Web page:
Although it’s only been on Working Mother Media’s 100 Best Companies for two years, the March of Dimes has a long history of influencing women’s ability to balance work and life.
“The March of Dimes is honored to be part of this 25th Anniversary and the fact that a nonprofit with limited resources can make this prestigious list two years in a row shows that any company truly dedicated to supporting mothers, families and healthy childbearing can make a difference for its employees,” said Dr. Jennifer L. Howse, president of the March of Dimes. “Throughout the years, March of Dimes has recommended – and offered – policies and benefits that promote the health of babies and mothers.”
“We are pleased to count March of Dimes as one of the 2010 Working Mother 100 Best Companies,” said Carol Evans, president, Working Mother Media. “Employees care deeply about the work they do at this nonprofit, which supports preconception and prenatal care and baby health. To honor fathers’ participation in their infants’ lives, March of Dimes increased paid paternity leave last year from one week to two, while mothers can take 26 job-guaranteed weeks off after the birth of a child, with six at full pay.”
Among the benefits the March of Dimes offers are:
- New moms are eligible to receive up to 6 weeks of regular pay while maintaining one week of illness days for the future
- 100 percent medical coverage for all maternity and childbirth expenses; no-cost well-child care through age 18; no-cost annual physicals for adults
- Salary continuation plan for short-term disability
- Sick pay of 10 days per year, which can be used for child/dependent illness; Days can accrue over time.
- Mothers at Work Program prenatal kits; breast pumps, and lactation services
- Adoption benefit of $5,000
- Flex-time, part-time and compressed work weeks
- Work from home and telecommuting
- Employee Assistance Program
- Immediate medical coverage on the first day of employment for expectant moms or the significant others of expectant moms
- Paid time off (2 weeks) for new dads/significant others for the birth of a child and an additional paid week off if their newborn requires a NICU
- Paid time off (1 week) for adoption or foster care placement of a child
- Extended parental leave of absence, up to six months of unpaid leave for a birth, adoption or foster care placement. Expectant moms may request two weeks of this leave prior to the delivery date, even if it isn’t medically indicated.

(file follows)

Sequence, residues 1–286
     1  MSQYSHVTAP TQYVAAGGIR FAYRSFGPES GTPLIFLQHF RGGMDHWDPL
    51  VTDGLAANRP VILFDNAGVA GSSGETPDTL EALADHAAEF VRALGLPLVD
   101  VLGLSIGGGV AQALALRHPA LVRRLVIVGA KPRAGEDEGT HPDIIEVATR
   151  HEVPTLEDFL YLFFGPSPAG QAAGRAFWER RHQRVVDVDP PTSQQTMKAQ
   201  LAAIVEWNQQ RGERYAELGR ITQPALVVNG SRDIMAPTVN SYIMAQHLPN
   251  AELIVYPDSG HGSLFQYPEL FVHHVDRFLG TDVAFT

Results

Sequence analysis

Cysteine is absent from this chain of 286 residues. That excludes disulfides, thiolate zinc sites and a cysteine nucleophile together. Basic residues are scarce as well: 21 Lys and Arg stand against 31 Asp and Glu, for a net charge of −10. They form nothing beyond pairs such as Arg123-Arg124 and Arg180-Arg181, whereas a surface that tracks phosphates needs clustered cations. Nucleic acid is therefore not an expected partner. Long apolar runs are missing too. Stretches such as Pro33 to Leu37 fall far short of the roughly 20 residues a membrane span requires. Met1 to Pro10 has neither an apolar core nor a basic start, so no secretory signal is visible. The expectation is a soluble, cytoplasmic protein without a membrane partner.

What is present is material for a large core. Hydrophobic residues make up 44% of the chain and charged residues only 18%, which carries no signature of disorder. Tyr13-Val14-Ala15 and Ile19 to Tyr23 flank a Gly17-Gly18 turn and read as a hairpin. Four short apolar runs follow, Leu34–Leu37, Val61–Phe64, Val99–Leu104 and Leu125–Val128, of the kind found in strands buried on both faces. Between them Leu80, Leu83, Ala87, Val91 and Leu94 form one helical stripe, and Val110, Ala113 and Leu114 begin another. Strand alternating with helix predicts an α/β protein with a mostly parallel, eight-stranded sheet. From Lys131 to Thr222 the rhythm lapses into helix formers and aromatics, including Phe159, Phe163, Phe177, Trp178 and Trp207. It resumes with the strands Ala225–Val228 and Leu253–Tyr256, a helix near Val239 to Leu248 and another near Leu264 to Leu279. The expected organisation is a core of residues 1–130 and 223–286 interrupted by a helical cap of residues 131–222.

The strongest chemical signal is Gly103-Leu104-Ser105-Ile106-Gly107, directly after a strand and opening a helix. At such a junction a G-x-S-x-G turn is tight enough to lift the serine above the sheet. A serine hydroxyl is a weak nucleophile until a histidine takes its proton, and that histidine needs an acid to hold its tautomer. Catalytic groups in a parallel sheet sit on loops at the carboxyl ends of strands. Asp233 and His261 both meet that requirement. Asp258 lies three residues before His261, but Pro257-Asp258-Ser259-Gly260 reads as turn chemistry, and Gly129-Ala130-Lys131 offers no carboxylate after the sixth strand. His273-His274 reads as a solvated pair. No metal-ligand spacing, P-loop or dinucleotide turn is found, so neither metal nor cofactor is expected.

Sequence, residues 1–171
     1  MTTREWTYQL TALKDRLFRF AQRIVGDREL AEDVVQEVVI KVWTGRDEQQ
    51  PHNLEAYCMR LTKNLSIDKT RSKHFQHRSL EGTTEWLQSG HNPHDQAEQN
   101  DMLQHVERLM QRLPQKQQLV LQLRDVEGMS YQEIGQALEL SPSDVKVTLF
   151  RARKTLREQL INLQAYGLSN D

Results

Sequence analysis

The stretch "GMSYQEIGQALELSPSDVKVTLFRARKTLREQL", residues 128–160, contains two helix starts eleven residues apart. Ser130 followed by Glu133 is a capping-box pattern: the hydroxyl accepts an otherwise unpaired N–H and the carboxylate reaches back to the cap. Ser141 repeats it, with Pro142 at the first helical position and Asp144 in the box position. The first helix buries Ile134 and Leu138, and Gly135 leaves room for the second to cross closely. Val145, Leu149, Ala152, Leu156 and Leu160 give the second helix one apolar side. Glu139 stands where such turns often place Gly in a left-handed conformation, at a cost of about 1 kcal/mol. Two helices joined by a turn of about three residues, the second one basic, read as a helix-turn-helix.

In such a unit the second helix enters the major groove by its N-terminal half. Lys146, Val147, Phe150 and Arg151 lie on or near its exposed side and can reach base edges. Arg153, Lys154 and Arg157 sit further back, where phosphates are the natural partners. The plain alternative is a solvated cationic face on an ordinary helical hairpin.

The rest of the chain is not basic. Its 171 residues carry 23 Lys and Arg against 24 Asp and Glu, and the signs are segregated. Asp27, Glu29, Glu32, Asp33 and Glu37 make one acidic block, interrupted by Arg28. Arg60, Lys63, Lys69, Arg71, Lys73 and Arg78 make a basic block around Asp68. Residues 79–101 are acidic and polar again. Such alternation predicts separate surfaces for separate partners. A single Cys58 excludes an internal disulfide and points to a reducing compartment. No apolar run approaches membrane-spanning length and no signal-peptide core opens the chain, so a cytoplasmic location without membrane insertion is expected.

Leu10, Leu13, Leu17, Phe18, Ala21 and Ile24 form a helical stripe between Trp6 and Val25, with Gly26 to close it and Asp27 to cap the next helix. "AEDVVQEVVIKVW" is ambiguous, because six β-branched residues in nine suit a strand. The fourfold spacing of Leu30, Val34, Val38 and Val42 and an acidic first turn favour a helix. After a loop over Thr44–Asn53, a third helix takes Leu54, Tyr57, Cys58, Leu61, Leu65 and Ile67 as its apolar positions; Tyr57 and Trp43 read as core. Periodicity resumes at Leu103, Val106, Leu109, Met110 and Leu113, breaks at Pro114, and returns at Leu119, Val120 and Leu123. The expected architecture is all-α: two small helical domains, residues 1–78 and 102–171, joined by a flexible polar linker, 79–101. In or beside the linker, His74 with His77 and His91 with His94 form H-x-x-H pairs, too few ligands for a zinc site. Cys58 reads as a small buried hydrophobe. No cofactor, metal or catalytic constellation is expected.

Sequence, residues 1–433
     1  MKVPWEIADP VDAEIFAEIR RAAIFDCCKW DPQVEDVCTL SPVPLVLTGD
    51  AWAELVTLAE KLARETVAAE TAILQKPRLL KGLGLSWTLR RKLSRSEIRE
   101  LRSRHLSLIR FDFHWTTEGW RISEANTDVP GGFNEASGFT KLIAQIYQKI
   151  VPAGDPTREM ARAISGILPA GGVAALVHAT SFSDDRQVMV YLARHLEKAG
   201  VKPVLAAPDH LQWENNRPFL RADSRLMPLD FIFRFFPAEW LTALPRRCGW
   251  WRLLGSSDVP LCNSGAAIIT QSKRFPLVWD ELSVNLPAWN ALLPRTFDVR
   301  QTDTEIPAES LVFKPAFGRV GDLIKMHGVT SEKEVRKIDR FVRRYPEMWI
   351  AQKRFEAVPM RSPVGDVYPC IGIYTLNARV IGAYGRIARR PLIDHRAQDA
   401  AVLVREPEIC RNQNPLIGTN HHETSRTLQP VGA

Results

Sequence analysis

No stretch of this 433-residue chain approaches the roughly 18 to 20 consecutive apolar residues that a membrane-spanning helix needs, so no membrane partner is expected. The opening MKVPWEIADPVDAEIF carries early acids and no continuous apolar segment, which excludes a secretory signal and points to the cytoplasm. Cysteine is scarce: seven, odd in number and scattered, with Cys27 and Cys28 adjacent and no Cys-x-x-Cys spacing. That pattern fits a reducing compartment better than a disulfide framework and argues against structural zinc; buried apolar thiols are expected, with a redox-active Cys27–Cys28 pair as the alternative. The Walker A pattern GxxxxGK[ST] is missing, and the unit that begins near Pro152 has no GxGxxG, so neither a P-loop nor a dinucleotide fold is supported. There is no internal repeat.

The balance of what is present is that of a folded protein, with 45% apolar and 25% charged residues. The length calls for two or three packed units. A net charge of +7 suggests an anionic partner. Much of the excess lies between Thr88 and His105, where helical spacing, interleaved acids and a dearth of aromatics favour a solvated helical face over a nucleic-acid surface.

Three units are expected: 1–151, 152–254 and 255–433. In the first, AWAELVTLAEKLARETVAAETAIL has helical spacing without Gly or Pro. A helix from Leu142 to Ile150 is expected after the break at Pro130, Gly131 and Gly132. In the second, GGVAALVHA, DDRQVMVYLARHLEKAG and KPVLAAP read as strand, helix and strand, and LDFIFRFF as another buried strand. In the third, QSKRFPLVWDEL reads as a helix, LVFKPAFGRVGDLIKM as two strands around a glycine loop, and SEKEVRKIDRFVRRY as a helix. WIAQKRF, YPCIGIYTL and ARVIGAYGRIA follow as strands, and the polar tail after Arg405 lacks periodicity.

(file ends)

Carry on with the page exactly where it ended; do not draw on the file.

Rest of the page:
Even before Working Mother began its list, the March of Dimes offered “Babies and You,” which began in 1982 and was the precursor to Healthy Babies, Healthy Business®. Established in 1993, Health Babies, Healthy Business, is a no-cost worksite wellness program that provides print and online-based material to help educate women about how to prepare for pregnancy and reduce their risk of premature birth. It also helps businesses control childbearing expenses, often the largest expense in a health care plan.
Also, for nearly 20 years, the March of Dimes has been a leader in expanding employees’ benefits. Many of the benefits now offered, such as expanded coverage for NICU care, well-baby care and genetic counseling first were offered in 1992.
Profiles of the 100 Best Companies, as well as national comparisons, are in the October issue of Working Mother and at workingmother.com.
Working Mother magazine reaches 2.2 million mothers and is the only national magazine for career-committed mothers, while workingmother.com brings to the Web a broad range of insight and solutions served to working mothers every day. Working Mother’s 25-year signature research initiative, Working Mother 100 Best Companies, is the most important benchmark for work-life practices in corporate America. With offices in New York and Washington, D.C., Working Mother Media, a division of Bonnier Corp., includes the National Association for Female Executives, (NAFE) Diversity Best Practices, the WorkLife Congress and the Multicultural Women’s Conference and Town Halls. Working Mother Media’s mission is to champion cultural change.
The March of Dimes was also named to the 2010 NAFE Top 50 Companies and 10 Nonprofits for Executive Women. The list recognizes organizations whose policies and practices encourage women’s advancement.
Methodology: Companies were selected for the 2010 Working Mother 100 Best Companies based on an extensive application with more than 600 questions on workforce, compensation, child care, flexibility programs, leave policies and more. It also surveys the usage, availability and tracking of programs, as well as the accountability of managers who oversee them. Seven areas were measured and scored: workforce profile, benefits, women’s issues and advancement, child care, flexible work, parental leave and company culture. For this year’s 100 Best, particular weight was given to benefits, flexibility and parental leave.